Holland is at the crossroads where the German, British and French cultures meet.
|Surface area||41,528 square kilometres, one quarter of which lies below sea level|
|Longest distance north-south||300 kilometres|
|Longest distance east-west||200 kilometres|
|Lowest altitude||6.76 metres below sea level (near Rotterdam)|
|Highest altitude||323 metres (near Maastricht)|
|Climate||Moderate maritime climate|
The country is situated in the west of Europe and borders Germany to the east, Belgium to the south and the North Sea to the north and west.
From Holland, many European capitals are within easy reach. Brussels is two hours by train, and a short flight from Amsterdam will take you to London, Paris, Madrid or Berlin.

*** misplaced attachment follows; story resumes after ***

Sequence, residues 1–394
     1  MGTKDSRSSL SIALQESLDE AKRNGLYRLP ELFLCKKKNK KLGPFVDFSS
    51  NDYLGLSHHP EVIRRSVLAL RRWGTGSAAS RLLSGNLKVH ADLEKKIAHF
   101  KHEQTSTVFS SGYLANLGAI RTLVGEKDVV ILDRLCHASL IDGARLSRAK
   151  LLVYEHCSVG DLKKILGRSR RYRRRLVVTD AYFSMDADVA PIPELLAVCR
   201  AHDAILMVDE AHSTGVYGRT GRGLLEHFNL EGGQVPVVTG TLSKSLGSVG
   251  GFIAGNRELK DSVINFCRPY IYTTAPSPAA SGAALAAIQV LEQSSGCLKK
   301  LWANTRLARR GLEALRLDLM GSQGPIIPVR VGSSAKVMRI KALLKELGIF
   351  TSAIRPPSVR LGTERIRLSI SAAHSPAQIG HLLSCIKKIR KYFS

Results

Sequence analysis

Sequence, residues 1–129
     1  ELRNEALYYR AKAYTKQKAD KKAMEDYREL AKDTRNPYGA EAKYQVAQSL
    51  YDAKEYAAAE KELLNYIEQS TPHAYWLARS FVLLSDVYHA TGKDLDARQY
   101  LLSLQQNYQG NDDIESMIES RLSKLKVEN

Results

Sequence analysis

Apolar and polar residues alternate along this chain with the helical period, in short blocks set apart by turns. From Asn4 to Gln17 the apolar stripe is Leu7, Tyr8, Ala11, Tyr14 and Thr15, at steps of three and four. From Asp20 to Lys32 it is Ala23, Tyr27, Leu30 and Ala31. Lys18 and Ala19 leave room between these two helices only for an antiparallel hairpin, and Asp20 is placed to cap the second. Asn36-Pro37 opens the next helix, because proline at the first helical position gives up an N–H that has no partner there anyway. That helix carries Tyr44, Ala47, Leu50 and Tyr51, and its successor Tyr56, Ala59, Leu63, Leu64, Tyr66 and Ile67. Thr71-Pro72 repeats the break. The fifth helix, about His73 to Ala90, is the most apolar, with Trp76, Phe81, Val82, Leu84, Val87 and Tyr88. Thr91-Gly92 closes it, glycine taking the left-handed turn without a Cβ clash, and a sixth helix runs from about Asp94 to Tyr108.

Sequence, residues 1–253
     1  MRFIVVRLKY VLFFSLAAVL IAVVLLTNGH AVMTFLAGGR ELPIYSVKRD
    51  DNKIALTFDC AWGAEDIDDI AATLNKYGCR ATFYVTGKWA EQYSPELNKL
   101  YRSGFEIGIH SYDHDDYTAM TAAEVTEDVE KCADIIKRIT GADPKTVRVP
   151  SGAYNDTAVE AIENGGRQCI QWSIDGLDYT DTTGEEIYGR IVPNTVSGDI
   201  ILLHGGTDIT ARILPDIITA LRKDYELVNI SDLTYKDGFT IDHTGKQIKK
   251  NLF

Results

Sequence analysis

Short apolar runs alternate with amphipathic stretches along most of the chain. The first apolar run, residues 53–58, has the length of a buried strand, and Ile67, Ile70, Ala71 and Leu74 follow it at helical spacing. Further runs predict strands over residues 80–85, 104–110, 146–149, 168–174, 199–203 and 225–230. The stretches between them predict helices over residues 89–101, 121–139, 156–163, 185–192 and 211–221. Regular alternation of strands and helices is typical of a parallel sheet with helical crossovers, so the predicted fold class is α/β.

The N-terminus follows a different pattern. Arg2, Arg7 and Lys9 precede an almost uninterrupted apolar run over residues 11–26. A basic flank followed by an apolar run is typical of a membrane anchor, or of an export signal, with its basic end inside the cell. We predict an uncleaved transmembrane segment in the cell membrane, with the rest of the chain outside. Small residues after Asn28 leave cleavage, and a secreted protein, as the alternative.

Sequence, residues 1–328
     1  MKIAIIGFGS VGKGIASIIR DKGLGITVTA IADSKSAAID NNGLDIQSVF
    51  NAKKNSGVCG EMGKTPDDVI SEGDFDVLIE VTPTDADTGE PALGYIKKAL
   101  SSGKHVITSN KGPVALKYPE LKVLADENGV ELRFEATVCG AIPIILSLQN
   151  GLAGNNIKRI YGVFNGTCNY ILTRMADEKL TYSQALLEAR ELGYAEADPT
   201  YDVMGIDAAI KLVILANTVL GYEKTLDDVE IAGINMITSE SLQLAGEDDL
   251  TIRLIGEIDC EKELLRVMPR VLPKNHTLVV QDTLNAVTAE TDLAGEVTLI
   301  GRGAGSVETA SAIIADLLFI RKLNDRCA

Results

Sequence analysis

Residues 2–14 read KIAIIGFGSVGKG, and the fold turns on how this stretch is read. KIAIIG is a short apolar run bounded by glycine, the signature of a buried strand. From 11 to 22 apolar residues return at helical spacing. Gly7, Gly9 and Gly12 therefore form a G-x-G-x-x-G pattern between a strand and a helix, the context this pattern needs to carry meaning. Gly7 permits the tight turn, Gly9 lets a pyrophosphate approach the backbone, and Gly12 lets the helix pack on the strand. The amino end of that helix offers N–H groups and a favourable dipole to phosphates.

Holland's relatively small area of just over 41,000 square kilometres is home to more than 16 million people.
What you will notice first when you arrive in Holland is the landscape. The country is extremely flat. While there are some hilly areas in the southeast corner of the country, even in those regions youc an see for miles around. The broad, unbroken expanse of sky that is characteristic of the Dutch landscape.
Another distinct characteristic is that there is water everywhere, in the form of lakes, rivers and canals.
Water and wind
Holland lies on a flat, low delta and a quarter of the land lies below sea level. Because of its location, the Dutch have have gained specialised knowledge on water management. Several Dutch companies are involved in water conservation and land reclamation projects throughout the world.
In the 17th century, wind was the most important source of energy. Windmills were not only used to pump water out of the polders to keep them dry. They were also needed to mill grain, to power saws used for cutting timber for shipbuilding, and to operate the copper beaters’ hammers. Some mills were even used to produce paint.
Today just under 1,000 windmills survive, which are lovingly cared for as part of our Dutch heritage.